Art by the Late Rob Sprattler

Art by the Late Rob Sprattler

In the art game, innovation is the byword. Artists strive for the original idea, the innovative, creative approach and result. However, the most innovative act I have ever been a part of was not in art, but in police work.

My friends all know that I was a Los Angeles County Reserve Deputy Sheriff for 25 years. In 1972, a Deputy Sheriff, Harry Hansen, and I started the only law enforcement documentary art program in the world. I was president of the LA Society of Illustrators and they did documentary art, paintings and drawings, based on the Air Force Documentary Art Program the society had been involved in for many years.

The Sheriff loved the program, but said that a civilian could not run it. A Deputy Sheriff had to operate from the Sheriff’s department. I asked, “Who do you have whose qualified? He pointed at me and said, “You!” I was in the Sheriff’s Academy and before I knew it, I became a police officer in the state of California and a Reserve Deputy Sheriff.

My Reserve Partner Steve Pair and Me With a West Hollywood Customer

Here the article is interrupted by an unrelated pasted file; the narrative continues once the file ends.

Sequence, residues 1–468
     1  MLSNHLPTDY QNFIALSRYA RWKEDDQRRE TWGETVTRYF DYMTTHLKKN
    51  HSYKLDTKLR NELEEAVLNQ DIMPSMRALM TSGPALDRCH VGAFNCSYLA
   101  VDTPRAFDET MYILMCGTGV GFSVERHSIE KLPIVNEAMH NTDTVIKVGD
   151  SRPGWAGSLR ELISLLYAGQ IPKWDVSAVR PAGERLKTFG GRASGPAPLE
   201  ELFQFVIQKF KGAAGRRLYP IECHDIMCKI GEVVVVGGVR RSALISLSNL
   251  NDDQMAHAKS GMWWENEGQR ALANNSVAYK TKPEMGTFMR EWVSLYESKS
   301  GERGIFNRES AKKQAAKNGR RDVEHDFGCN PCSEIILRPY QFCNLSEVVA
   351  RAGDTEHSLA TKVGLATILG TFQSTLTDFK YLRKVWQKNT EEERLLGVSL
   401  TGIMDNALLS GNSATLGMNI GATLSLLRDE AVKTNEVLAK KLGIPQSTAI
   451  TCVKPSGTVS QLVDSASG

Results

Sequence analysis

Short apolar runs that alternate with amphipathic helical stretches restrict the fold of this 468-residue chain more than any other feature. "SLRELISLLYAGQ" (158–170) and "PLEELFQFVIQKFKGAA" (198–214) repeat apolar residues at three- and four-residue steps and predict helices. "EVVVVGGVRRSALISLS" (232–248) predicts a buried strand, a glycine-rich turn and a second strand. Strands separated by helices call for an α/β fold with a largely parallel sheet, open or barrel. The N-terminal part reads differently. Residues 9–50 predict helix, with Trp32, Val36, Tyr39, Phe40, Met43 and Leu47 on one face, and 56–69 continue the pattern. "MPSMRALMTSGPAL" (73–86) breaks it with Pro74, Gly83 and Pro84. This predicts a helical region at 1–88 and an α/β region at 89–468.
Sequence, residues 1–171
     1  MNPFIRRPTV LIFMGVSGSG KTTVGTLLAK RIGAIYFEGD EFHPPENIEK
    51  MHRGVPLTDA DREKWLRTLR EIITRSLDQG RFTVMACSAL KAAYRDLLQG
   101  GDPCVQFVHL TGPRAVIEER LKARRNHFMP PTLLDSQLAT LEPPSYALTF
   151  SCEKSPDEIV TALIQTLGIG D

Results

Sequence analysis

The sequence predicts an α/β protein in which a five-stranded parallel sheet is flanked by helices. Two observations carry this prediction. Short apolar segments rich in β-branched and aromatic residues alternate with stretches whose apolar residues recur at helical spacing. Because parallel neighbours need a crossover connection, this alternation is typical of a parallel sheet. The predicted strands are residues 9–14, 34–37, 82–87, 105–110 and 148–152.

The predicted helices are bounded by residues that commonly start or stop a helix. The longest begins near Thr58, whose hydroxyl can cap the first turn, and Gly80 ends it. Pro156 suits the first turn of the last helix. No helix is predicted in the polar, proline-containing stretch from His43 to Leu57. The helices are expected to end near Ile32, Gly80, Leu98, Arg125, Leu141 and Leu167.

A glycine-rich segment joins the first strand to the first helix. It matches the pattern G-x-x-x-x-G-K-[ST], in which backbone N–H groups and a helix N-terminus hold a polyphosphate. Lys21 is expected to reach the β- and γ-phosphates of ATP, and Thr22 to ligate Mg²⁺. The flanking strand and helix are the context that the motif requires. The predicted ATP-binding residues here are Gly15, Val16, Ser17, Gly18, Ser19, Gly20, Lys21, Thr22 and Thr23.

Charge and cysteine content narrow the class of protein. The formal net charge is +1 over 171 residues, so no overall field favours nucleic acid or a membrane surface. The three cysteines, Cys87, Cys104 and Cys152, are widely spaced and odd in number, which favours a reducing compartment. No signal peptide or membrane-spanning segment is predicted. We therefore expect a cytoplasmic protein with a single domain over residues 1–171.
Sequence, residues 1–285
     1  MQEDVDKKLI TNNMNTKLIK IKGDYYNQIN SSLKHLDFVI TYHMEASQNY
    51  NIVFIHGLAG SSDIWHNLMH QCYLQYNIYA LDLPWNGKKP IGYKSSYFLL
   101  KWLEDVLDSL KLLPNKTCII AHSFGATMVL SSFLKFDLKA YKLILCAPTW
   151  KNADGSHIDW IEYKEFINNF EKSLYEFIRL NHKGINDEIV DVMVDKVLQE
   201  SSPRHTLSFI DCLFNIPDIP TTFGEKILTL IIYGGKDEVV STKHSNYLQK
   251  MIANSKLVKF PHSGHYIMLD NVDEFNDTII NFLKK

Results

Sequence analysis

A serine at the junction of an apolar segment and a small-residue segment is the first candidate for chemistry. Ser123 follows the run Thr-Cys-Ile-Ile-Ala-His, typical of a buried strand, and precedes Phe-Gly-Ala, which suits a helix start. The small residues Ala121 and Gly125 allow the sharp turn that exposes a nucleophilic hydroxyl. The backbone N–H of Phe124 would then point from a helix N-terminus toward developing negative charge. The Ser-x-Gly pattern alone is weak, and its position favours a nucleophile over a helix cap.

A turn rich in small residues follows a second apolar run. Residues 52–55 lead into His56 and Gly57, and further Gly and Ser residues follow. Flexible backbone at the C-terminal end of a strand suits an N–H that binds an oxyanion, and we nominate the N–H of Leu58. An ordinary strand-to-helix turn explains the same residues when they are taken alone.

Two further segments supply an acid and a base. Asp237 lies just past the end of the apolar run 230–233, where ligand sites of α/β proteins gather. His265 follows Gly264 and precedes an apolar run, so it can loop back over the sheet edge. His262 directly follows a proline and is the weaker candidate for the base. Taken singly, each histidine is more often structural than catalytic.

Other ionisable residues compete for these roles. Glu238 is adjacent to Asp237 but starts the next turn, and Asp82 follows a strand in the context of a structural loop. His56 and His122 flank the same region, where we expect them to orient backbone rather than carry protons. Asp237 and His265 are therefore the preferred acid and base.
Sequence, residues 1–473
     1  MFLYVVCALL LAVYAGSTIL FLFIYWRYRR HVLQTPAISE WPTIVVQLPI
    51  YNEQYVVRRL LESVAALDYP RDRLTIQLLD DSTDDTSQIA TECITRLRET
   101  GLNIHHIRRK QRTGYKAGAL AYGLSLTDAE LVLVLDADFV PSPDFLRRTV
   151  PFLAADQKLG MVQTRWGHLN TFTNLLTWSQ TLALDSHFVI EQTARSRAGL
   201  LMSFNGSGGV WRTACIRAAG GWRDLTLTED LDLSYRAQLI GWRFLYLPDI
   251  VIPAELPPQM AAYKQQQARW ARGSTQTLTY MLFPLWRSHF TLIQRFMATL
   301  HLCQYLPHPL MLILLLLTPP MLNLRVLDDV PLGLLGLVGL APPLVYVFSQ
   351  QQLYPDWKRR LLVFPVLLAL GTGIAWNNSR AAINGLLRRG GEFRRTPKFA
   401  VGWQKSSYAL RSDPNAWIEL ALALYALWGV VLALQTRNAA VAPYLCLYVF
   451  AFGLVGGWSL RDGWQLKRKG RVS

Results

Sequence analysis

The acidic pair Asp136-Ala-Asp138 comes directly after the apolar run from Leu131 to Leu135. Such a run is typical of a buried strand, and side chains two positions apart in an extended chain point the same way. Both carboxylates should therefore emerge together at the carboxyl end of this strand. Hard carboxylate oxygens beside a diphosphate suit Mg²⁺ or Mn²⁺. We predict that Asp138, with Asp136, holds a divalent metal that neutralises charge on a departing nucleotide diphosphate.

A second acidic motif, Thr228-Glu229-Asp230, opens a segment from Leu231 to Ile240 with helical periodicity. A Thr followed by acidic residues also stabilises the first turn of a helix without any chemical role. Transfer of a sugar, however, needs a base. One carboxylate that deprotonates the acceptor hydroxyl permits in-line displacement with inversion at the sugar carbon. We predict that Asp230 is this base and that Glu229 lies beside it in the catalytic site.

My Reserve Partner Steve Pair and Me With a West Hollywood Customer

I was assigned to the West Hollywood Sheriff’s station. That is where the “innovative” event happened. Usually, I had a reserve partner, but I was in a patrol car one night in the late 70s, with a regular Deputy.

I can’t remember the Deputies’ name. On the radio we received a call involving an elderly person with serious mental problems. We arrived at the location and found a frantic, near hysterical, elderly woman screaming that the little people were back and were all over the apartment. We got her calmed down so that she could describe the little beings that were terrorizing her.

We had recently been issued the PR24 Side Handle Baton that replaced the straight nightstick, and the deputy drew it from the metal ring on his belt. He told me to do the same. I was sure we weren’t going to beat her to death, but I was a bit confused. He showed the baton to the trembling woman and said, “You are really in luck. We were just issued these batons, and we are going to use them to get rid of these terrible little monsters.”

We held the side handle and pointed the baton into every shelf, drawer, piece of furniture, closet, and every corner of the apartment. In other words, every nook and cranny. It must have taken a half hour to finish.

When we were done he held her hand and said, “They are all gone, and they will never come back.” We walked through the apartment with her, and she was so relieved and endlessly appreciative.

We got back into the patrol car, got on the radio and went ten-eight (call finished). I told the deputy, “That was the kindest, most innovative event I have ever been involved in. I bet those little guys will never be back in her apartment.”

As you can imagine, many things happened on patrol during those 25 years, good and bad, boring and exciting, funny and tragic. I just thought I’d tell you about one night in a patrol car with a great Deputy Sheriff.